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2 Oct, 2018 21:17

Tired of the political divide in America? Don’t worry, it’s going to get much worse

Tired of the political divide in America? Don’t worry, it’s going to get much worse

Politically and culturally, the gulf between left and right, Democrat and Republican, seems to be widening day by day. According to one new study, you ain’t seen nothing yet.

Political polarization is even worse than most people think, argues a new Michigan State University study. Rather than being a new, Donald Trump-era phenomenon, as many in the media seem to think, the researchers found that today’s hyper-polarized political landscape is a problem that’s been growing for almost five decades.

“What I’ve found is that polarization has been steadily getting worse since the early 1970s,” said researcher Zachary Neal. “Today, we’ve hit the ceiling on polarization. At these levels, it will be difficult to make any progress on social or economic policies.”

READ MORE: Georgetown professor says Kavanaugh defenders ‘deserve miserable deaths’ and should be ‘castrated’

Rather than resulting from loose relations between the left and the right, today’s polarization comes from strong but extremely hostile relations between both sides, the researchers argue.

Supreme Court nominee Brett Kavanaugh’s bitter confirmation fight is a prime example of this intense hatred between political figures. Washington DC used to be known as a place where rival politicians would duke it out in Congress, then come together in the city’s bars and eateries to hash out bipartisan solutions to the problems of the day, bound by their shared duty as public servants.

Now, battle lines are drawn. To Democrats, Republicans hate women and want to railroad Kavanaugh into the court to continue their assault on women, gays, minorities, and anyone who isn’t a straight white male. To Republicans, Democrats will tell any lie to block the process, stalling and obstructing until they can get a shot at retaking control of the Senate.

The MSU researchers’ study was confined to Capitol Hill. It evaluated polarization by analyzing how often politicians from each party co-sponsored legislation. It found that while the average Representative or Senator reads thousands of bills each year, they co-sponsor only around 200.

Outside Washington, the general trend is similar. After White House Press Secretary Sarah Sanders and her dinner party were booted out of a Virginia restaurant for her politics this summer, the divide between left and right played out in the streets, with protesters ambushing Trump officials in restaurants, ‘Antifa’ protesters doxxing thousands of Immigration and Customs Enforcement officials, and celebrities calling for the kidnap and torture of Trump’s family. All of this prompted one Tennessee law professor to declare that a “new Civil War” is “well underway.”

The professor, Glenn Harlan Reynolds, wrote that part of the problem now is that Americans don’t feel social ties which transcend politics. It’s all us vs. them — and nothing in between. He argues that churches, fraternal organizations and neighborhoods used to cross political lines, but that this America has “shrunk and decayed” and people are increasingly finding their identity only in politics.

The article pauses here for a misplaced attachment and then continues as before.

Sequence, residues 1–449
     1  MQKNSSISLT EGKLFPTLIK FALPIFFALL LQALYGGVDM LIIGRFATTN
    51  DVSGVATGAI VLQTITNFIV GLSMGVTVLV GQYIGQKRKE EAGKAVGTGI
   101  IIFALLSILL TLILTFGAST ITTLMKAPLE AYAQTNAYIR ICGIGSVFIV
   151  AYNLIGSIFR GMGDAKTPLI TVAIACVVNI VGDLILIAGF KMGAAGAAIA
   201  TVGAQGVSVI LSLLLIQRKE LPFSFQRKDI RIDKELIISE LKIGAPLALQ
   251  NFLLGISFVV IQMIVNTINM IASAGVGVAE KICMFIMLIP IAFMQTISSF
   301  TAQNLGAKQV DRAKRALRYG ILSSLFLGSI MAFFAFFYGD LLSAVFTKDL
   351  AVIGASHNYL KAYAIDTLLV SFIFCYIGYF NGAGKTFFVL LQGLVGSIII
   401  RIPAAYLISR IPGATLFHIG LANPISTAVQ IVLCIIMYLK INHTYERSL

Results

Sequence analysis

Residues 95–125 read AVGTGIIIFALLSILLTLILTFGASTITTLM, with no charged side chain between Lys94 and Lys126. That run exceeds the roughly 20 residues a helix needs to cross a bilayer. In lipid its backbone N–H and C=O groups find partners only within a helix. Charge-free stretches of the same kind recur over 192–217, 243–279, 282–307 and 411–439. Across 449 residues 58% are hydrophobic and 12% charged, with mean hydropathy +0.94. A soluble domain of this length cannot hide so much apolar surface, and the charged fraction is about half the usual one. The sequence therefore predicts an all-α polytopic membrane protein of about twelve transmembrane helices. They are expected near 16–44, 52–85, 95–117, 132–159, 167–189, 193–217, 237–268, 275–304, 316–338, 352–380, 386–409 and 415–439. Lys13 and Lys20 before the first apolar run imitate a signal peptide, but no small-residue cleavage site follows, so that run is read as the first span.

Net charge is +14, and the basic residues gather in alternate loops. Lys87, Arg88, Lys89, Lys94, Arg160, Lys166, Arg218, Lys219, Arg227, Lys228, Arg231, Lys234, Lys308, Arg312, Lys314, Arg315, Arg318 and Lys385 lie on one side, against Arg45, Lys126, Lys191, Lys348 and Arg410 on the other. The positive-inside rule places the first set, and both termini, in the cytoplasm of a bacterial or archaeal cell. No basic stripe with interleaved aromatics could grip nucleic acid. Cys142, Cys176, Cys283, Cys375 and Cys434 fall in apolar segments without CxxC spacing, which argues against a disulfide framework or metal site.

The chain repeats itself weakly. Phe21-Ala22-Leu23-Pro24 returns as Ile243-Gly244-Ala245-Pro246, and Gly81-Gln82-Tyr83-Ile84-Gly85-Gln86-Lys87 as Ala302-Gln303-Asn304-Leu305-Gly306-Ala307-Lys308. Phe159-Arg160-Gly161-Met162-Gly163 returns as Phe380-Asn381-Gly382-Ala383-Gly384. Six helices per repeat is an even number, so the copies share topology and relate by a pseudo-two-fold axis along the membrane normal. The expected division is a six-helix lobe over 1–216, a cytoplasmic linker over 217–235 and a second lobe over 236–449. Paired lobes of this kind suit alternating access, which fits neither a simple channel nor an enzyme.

In the age of Trump, if that identity isn’t expressed on the streets, it’s expressed in a series of increasingly segregated online echo chambers. On Reddit, the second and third most popular discussion boards are r/politics and r/The_Donald. On r/politics, users regurgitate liberal Trump-hate and almost exclusively discuss their mutual hatred for his administration, policies, appearance, etc. The_Donald, on the other hand, is a 24/7 Trump rally, where every policy is celebrated and the president can do no wrong.

Where’s all of this heading? Neal suggests electing more centrists to Congress. To him, politicians willing to cross the aisle – as Arizona Senator Jeff Flake (R) did after Kavanaugh’s confirmation was moved forward to a Senate vote last week – could get things working again.

The problem with this, however, is that polarized voters won’t vote for centrist candidates. Republican voters enraged by Democrat efforts to derail Kavanaugh’s nomination won’t vote for a Senator who might cave to Democrat pressure, as Flake appeared to. Likewise, the Democratic party’s recent slide to the left also means that these voters might not be too enthusiastic about backing a less militant, suit-and-tie Joe Biden or Hillary Clinton candidate again.

What kind of policies can possibly be enacted in this climate? Neal points to the Affordable Care Act as an example of what’s in store. With the narrowest of majorities, Democrats squeezed ‘Obamacare’ through in 2010, with all 178 House Republicans voting against the bill. Once Republicans regained a slim majority in the House of Representatives in 2011, they instantly began ongoing efforts to repeal it.

“This study raises new questions about the future of Congressional politics,” Neal said. “In truth, the only thing that is bi-partisan in Congress is the trend toward greater polarization.”

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